John Michael’s latest Life Is a Sweet, Tender Bruise, reflecting on life and people encountered, ponders recent encounters with women and his place in the community.
This is the prelude. While I was in Portland, I met with a woman I had gotten to know through social media. She is a typical Portland girl in that she is eccentric, independent, and artsy. She was a little nervous on first meeting me, gave me a big hug, and danced me around a little to some music that was playing in Pioneer Square.
Within 30 seconds of meeting, she said we wouldn’t be having sex. I laughed and thought, You’re taking something off the table that I didn’t even know was on the table in the first place.
We had a great seafood lunch at a fancy downtown place and went to the Portland Art Museum which has a world-class modern art collection, including works by Renoir, Van Gogh, Munch, and my favorite, Monet. I noticed she would lean in close at times and swivel her hips in a flirty manner.
At some point, I said, “You are wanting it both ways.”
She laughed, because she knew what I was talking about. She said, “A woman wants to know she is desirable.”
I had known that subconsciously most of my life but hearing her say it out loud brought it home. What do women want? They want to be desired without you necessarily acting on that desire. We had a great day and she had been lonely for some masculine attention, as I was for some feminine, because she had some tears when we hugged goodbye, and I left for the coast.
I’m going through a change of identity; or a change in how I orient myself to the world.
I’m going through a change of identity; or a change in how I orient myself to the world. A while back, I had a vision of myself in my meditation chair moving down beside a river. As I was watching the water roll by, I heard the thought, We are anointing you as a priest. A couple of weeks later, I went for a swim in the Clearwater River. As I was stepping off the beach and into the water, I wasn’t thinking much of anything other than, This water is as cold as I ever remember it being. But soon I started hearing over and over again, “The anointing. The anointing. The anointing.”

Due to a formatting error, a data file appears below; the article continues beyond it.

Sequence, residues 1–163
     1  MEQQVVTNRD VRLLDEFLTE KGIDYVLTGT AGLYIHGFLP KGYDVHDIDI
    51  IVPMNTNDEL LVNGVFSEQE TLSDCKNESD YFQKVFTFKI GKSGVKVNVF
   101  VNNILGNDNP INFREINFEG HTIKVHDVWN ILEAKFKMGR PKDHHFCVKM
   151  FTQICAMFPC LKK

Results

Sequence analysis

I’ve been a very spiritual person most of my adult life and this universe is a deep mystery. Me coming up out of the cold, cold water felt like I was being baptized. I don’t know if this is going to be a full-time occupation or just one of the many things that make up who I am, like writer, painter, libertarian, environmentalist, etc.
A buddy of mine asked me to work at a food booth at the Nez Perce County Fair this weekend. I had maybe an idea it was going to be busy, but it was crazy. One long 12-hour shift, with me and everyone else grabbing short breaks only whenever we absolutely needed one. I liked the owner of the truck, and he was smart enough to sell strictly fair food: Elephant Ears, corn dogs, and curly fries. He had been doing it forever and was low-key and humorous despite the chaos of having a twenty- to thirty-minute line for the food all day and all night.
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I was a little nervous at first because he had a couple of young women working for him in typical modern dress; meaning, cleavage and a lot of bare legs which can be distracting as hell if you are working two to three feet apart.
One of the things the owner was not was empathetic, and the other thing he was not was organized. Both of the women had quit by the end of the night. I was sitting behind the truck having a cigarette and trying to relax my back after being bent over the deep fryer for a couple of hours. I hear a couple of women getting into an argument.
Pretty soon, one of the young ladies came around the corner calling the other woman, the owner’s wife, a “bitch.” I reached out for her hand, which surprised her a little. But she held on as I let her dispel some of the heat she was feeling. She was tough as nails and wasn’t going to cry even though she certainly wanted to. But she looked more relaxed as she wandered off for home.
Now, when I was younger, and maybe even fairly recently, me being kind to women in distress contained some manipulation in it. In that, I would be hoping they would be wanting to repay me with some affection. But it honestly never crossed my mind. I ended up holding a male friend of mine’s hand that night as well. He had some tears remembering a close friend of his who passed away last year. He looked a little awkward for a second but seemed fine with it. I do have a huge impulse to comfort those in emotional discomfort with touch and calm words.
I’ve calmed my own anxiety and wild emotions to where I am pretty calm in any kind of crisis that comes up. Just fulfilling my obligations as a non-denominational, wandering, cigarette-smoking, whiskey-drinking, community priest, I guess.